September 21, 2023

Nuggets-Heat’s NBA Finals matchup shows why the regular season – all 82 games – still matters

That sound of silence marks the first day in some time when the NBA didn’t have a high-stakes competition on the horizon, a much-needed breather before the Finals kicks off in two days.

It wasn’t just the unpredictable NBA playoffs that took center stage in the sport over the past month; they’ve been games with implications since February’s All-Star Game.

The race to close out the regular season, with the play-in tournament being so prominent in team planning and execution this postseason, should put an end to all the nonsense surrounding the criticism of the schedule of 82 games.

The Miami Heat certainly tinkered with lineups and rotations, and battled through key player injuries throughout the season and in the playoffs, but to believe they’re mocking the regular season seems a bit ambitious.

Their playoff run has been one for the ages so far; not just an eighth seed battling to get out of the play-in after a loss to Atlanta, but beating arguably the top two teams in the league heading into June. Aside from the 1995 Houston Rockets, a sixth seed on their way to a replay, you’d be hard pressed to find a tougher path.

Those Rockets defeated a Utah team by 60 wins in the five-game first round, recovered from a 3-1 deficit to beat Charles Barkley and the Phoenix Suns by 59 wins in the semifinals before becoming the team with the best record of all time. the league, the 62-win San Antonio Spurs in the Western Final.

For the Heat, they wouldn’t evade anyone in the playoffs, but anyone in their right mind wouldn’t sign up for Milwaukee and Boston without home field advantage if they had the choice.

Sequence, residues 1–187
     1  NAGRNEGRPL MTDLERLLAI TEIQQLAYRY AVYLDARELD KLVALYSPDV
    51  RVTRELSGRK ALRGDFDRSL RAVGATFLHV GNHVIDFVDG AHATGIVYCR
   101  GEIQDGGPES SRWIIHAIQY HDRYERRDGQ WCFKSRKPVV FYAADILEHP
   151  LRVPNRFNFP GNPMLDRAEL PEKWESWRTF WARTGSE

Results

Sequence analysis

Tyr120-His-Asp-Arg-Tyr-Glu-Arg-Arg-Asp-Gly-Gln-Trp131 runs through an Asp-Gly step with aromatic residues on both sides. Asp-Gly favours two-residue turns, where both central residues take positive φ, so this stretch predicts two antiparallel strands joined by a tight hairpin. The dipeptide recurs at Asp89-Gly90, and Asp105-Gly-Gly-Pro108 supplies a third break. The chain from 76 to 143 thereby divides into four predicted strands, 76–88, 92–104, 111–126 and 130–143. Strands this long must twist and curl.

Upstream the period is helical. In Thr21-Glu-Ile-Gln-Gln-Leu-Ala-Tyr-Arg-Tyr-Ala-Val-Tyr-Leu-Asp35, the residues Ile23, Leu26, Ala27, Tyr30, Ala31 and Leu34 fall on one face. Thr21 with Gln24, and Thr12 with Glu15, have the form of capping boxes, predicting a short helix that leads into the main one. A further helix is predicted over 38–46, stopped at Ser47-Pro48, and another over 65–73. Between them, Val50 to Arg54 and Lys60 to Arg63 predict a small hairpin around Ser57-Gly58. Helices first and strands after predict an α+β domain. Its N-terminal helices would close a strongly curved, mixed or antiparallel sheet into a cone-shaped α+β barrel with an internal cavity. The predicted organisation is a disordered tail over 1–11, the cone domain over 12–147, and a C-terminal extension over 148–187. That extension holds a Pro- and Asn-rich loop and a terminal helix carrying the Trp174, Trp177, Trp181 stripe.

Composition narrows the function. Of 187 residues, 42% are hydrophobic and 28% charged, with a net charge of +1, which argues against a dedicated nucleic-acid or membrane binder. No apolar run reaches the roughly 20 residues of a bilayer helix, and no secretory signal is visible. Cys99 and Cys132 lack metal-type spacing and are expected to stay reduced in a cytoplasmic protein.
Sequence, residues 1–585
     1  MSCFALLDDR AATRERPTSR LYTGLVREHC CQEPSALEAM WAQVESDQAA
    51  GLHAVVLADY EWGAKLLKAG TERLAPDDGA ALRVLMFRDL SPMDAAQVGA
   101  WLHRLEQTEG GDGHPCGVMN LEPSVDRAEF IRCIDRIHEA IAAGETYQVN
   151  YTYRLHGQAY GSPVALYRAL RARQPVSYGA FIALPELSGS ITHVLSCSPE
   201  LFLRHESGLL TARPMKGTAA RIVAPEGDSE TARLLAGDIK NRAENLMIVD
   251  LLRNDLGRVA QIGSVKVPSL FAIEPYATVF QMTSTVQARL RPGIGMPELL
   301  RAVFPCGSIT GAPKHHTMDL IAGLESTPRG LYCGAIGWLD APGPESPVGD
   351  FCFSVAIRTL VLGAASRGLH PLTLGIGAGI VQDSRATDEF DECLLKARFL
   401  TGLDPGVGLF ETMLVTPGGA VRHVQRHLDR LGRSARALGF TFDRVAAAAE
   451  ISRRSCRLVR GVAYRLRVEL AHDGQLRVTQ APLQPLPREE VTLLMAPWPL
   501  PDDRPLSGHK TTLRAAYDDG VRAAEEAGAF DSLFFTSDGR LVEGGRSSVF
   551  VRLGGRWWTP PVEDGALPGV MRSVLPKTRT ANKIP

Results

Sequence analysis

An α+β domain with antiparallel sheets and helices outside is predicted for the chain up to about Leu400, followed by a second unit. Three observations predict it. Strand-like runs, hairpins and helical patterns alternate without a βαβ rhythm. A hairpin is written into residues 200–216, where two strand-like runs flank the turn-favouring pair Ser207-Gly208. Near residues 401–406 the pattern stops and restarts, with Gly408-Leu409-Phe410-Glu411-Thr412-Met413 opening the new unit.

While the results were shocking across the board, almost taking the proceedings to an NCAA tournament nature, it would be prudent not to diminish the value of the regular season.

For years after the playoff expansion in 1984, the call was for few upsets, and when the first round grew to seven games in 2003, that felt even less likely.

But this season, two play-in teams that had just enough championship power found themselves in the Final Four: the Heat and Los Angeles Lakers.

And the team that some would say treated the regular season as an unnecessary exercise found itself unable to make championship magic a few weeks ago, the Golden State Warriors.

It’s not to say that if they had a few breaks they could have come face to face with Denver, but that machine looks like a juggernaut.

And the Nuggets are here largely because they treated the regular season with the respect it deserved. Yes, they fell. Yes, there were hitches with their team defense to start the season and there were questions about the long-term plan with Jamal Murray’s return from injury, but there was actually a plan. And they knew that the habits learned in October through April would manifest in sweat equality by May.

The Nuggets have been the only team to seemingly not take a night off in the playoffs, and that stems from their regular season approach.

The Denver Nuggets' Nikola Jokic and Michael Porter Jr.  at the Western Conference Finals in Los Angeles on May 22, 2023. (AAron Ontiveroz/The Denver Post)